Hundreds of homeschooled students from several Midwestern states will be gathering in St. Louis to compete in the 2013 Gateway Classic Speech & Debate Tournament from March 6 – 9, and many local volunteers are needed to serve as judges.
Judging a speech or debate competition is easy and enjoyable. Serving as a judge basically involves watching and listening to a small group of talented, energetic young people (mostly high school aged kids, but some pre-teens as well) during timed performances, and then critiquing and ranking them.
These young people aren’t stereotypical teen-agers. They may carry iPods and eat junk food and have Facebook pages, but they’re also polite, articulate and well-dressed. They probably don’t have piercings or tattoos, but they do have dedication and a work ethic.
You might even call them a bit nerdy, but being on a high-school debate team is the kind of extracurricular activity that looks mighty good on a college transcript or law school application. Some alumni of the St. Louis Speech & Debate Club have gone on to such non-nerdy accomplishments as forming successful bands, excelling in medical schools and being commissioned as Navy officers.
At the tournament, students compete in various types of individual speaking events and performances as well as team debates. Participants choose from a varied and colorful list of speech categories, such as humorous, expository, impromptu, original oratory and many others.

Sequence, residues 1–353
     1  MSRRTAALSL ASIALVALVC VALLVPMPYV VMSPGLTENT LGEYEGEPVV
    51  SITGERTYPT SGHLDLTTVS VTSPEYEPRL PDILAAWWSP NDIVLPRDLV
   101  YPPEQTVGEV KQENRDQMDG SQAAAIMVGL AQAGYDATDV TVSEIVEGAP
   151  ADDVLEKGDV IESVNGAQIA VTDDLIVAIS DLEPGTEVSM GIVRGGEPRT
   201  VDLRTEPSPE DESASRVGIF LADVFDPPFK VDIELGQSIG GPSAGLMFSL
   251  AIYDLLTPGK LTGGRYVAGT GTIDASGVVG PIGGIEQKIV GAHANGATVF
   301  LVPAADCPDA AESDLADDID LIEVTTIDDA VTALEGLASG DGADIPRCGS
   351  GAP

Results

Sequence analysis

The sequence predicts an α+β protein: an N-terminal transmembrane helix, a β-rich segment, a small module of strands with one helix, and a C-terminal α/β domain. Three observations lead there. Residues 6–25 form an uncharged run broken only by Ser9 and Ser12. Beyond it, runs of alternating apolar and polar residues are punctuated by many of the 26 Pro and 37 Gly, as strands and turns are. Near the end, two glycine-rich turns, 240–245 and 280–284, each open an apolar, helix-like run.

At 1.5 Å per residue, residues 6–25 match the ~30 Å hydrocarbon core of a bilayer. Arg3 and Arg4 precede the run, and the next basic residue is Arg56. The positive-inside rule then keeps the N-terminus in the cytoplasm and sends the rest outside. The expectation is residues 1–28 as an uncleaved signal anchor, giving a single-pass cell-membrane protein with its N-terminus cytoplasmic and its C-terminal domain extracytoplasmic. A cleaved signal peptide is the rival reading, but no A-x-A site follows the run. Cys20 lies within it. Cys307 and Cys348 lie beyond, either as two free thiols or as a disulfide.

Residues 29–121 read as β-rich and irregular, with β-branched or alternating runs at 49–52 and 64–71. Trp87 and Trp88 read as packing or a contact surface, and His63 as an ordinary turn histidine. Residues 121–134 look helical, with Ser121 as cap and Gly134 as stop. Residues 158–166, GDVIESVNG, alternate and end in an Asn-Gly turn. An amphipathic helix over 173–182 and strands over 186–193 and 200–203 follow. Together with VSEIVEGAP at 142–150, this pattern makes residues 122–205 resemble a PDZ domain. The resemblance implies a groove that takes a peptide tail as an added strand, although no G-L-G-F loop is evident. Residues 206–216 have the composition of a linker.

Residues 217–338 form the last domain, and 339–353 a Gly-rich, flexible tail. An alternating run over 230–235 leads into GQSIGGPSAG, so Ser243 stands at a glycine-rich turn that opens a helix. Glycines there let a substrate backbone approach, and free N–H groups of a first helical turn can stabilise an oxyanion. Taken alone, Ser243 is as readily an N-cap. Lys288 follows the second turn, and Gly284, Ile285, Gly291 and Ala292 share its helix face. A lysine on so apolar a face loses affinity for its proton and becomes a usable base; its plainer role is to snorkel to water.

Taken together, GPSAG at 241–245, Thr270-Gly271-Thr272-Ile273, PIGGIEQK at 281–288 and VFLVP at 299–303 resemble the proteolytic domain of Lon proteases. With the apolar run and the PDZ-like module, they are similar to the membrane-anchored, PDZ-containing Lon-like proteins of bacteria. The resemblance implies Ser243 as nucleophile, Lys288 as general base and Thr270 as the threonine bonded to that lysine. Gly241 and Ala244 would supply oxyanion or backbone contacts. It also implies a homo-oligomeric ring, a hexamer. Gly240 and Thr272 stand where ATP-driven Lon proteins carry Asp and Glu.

The presentations can be quite impressive. They may include a dramatic interpretation of a scene from classic literature, or a well-known Shakespearian soliloquy, or a funny retelling of a contemporary comedy sketch.
Judging requires about three hours, which includes a brief training session to explain what you need to know about the event you’ll watch. A typical speech competition features six to ten kids performing different selections within a category (e.g., extemporaneous, dramatic, etc.). Debate challenges involve individuals arguing one-on-one or in teams of two.
The assigned topics for this year’s debaters are issues of personal privacy and questions about the value of American foreign military presence. At different times during the tournament, each participant must argue both sides of a debate, pro and con.
If you find this invitation to be intriguing, the tournament organizers truly hope you’ll volunteer to help. More than 200 adult volunteers are needed to judge the various events.
Or, if you’re a homeschooling family and you’d simply like to see what speech and debate competition looks like, please come out and observe the participants in action. There’s no admission charge.
The tournament begins this Wednesday, March 6 and concludes on the following Saturday, March 9. Most judges will be needed on Thursday and Friday. The event will be held in classrooms at the non-denominational Southgate Church in Crestwood at 9820 East Watson Road, just southwest of the intersection of Watson and Sappington Roads. For a map or directions, or to get more information about the tournament, please visit the organization’s website at gatewayclassic.homeschooldebate.net.
Judge volunteers can register online, or simply contact the tournament’s recruiter Gail Feeney at (618) 939-7090 or go to firstname.lastname@example.org to sign up. The registration process is quick and easy.
Since many of the tournament’s events take place in the daytime on a weekday, those time slots are great for retirees or people with flexible schedules. In any case, speech & debate judging is a pleasant, interesting way to spend a morning or afternoon. Check it out!